Title: Re: Spotting Scope Need fast answer.
Post by: JT on July 05, 2018, 03:51:47 pm
I took the Athlon to the 300 yard range today and I could definitely see the pig and the strikes. It was very easy to see the 22 caliber bullet holes at 100 yards. I did not put up any paper at 300. The Mini 14 I used today only has a 4x scope and it is hard to see a white 9"x18" steel pig. I need to get some orange paint. The scope seems a bit on the heavy side for its size.
Title: Re: Spotting Scope Need fast answer.
Post by: revlimit on July 06, 2018, 04:11:18 pm
had a Nikon, image got worse with more magnification, 48 power was worthless.
Title: Re: Spotting Scope Need fast answer.
Post by: JT on July 07, 2018, 11:55:02 am
I was told to run a scope at 80%-85% of the highest magnification. After that it starts falling off. The 35x setting is probably the best with the 60 mm lens on this one.
Title: Re: Spotting Scope Need fast answer.
Post by: JarheadAZ on July 08, 2018, 07:23:49 am
Vortex Diamondback 20-60x80.

I have the Vortex Nomad 20-60x80 (out of production for a couple of years now), which functionally duplicates the Diamondback except for having a lightweight frame/shell for birdwatchers.

I have used it a lot to spot 223 holes in paper at 300yd and it works. The difference between the 60mm objective and the 80mm objective helps in lower light, but the real benefit is the larger exit pupil diameter it provides. The larger exit pupil diameter allows you to use it with better clarity in the higher powers. That 20mm difference in objective diameter makes a huge difference in resolution, making the 223 cal in paper at 300 capability possible.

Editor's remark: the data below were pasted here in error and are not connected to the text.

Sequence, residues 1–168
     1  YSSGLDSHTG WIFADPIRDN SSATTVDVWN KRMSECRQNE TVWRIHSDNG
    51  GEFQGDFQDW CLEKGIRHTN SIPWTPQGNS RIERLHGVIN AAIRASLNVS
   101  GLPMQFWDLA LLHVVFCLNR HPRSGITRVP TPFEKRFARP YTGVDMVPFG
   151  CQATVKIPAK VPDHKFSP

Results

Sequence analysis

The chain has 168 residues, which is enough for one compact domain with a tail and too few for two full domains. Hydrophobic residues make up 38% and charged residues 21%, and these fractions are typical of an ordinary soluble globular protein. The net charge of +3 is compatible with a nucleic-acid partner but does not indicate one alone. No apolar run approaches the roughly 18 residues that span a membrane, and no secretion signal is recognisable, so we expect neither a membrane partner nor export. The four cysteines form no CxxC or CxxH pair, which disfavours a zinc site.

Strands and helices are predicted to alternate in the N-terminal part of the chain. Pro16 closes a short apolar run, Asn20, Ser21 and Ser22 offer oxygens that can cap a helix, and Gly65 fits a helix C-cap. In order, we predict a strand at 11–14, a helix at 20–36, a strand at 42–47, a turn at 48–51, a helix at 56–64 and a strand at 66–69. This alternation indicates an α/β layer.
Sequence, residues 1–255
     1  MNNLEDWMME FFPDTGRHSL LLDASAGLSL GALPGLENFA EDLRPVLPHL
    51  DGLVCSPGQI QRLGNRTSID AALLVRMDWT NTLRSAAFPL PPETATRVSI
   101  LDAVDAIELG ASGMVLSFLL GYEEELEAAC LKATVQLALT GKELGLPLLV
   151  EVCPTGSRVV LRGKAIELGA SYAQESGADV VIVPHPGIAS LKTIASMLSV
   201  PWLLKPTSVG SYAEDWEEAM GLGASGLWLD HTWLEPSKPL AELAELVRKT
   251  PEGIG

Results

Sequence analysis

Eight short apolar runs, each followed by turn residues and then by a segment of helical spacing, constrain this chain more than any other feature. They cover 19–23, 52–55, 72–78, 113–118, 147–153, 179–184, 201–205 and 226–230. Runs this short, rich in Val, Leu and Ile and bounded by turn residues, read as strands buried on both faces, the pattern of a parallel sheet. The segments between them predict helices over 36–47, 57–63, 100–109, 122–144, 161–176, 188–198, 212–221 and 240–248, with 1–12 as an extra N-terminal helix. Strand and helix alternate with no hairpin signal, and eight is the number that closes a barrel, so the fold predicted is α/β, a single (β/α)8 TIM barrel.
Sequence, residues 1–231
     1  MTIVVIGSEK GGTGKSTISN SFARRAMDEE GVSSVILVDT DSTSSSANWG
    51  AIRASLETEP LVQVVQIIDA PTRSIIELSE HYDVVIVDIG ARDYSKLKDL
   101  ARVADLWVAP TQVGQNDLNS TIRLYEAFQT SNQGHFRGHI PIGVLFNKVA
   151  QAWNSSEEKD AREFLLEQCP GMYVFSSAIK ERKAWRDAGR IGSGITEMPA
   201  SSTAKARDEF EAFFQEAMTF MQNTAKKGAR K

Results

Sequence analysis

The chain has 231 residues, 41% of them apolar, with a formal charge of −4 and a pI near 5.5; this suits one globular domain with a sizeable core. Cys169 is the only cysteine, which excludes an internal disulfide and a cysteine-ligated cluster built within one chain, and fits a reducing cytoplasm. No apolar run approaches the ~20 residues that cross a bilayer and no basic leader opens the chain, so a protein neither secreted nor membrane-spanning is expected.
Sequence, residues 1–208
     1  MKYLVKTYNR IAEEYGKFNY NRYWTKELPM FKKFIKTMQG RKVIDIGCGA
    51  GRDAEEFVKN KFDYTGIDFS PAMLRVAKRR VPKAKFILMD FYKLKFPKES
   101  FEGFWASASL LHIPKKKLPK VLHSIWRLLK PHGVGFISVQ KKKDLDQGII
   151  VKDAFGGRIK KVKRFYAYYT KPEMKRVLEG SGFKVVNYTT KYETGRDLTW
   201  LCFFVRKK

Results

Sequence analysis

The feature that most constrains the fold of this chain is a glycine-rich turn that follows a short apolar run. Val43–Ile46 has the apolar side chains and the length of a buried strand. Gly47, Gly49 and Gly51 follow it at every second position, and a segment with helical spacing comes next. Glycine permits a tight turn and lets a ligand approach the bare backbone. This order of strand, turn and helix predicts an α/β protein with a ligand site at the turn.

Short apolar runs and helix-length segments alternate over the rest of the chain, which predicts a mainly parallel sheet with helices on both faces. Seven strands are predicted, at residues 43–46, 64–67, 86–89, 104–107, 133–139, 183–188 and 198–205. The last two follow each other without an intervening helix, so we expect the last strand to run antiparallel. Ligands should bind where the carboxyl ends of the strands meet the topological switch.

One calculates exit pupil diameter by dividing objective diameter over Magnification power.  60mm/60x = 1mm, not great, since the human eye's pupil is about 2-3mm. This means there will be dark vignetting around the edges of the image at anything higher than 20x to 40x. 80mm/60MM is 1.33 which is much better, allowing powers around 26.6x to 55.2x to be sharp, and still avoid the vignetting.

The human eye, healthy and unaided, is capable of resolving details of about 1MOA at 100yd, or 1" at 100yd. In order to resolve a 1/4" detail at 300yd, you would need 12x magnification. That doesn't sound like much. Taking into account optical losses in the optics, human frailties, and the ever present dust in Arizona air, being able to provide a bright and clear image at about 26.6x to 55.2x, instead of 20x to 40x, allows the shooter to maintain good visual acuity; and the better you can get it, the less eyestrain will become a deterrent to ease of use.

As age progresses, the eye's lens becomes more rigid and is less able to resolve a sharp focus. This puts a big premium on extra resolving capacity in our optics. Eyestrain is pain caused by the muscles that squeeze the eye's lens in order to refocus it to different distances. It my age of 72, that lens is as hard as a rock, the muscles get tired easily, and the resulting eye muscle discomfort translates as eye strain. Add my encroaching cataracts, and my shooting becomes even a bit more complicated.

I would buy another Nomad for my Granddaughter if they were still available. I will probably eventually have to buy the Diamondback for her. Of course, the 'right' solution would be to give the Nomad to her, and buy the Diamondback for myself; but somehow, buying things far her goes over better than buying things for myself with the Wife.

Title: Re: Spotting Scope Need fast answer.
Post by: coelacanth on July 08, 2018, 08:59:53 am
Good summary Greg.  I too have better luck buying things for the kids and grand kids than for me - funny how that works.    :whistle
Title: Re: Spotting Scope Need fast answer.
Post by: Bunkrmonkey on February 24, 2019, 03:48:23 pm
My friend has the vortex diamondback and loves it. Also, I believe they have a lifetime warranty.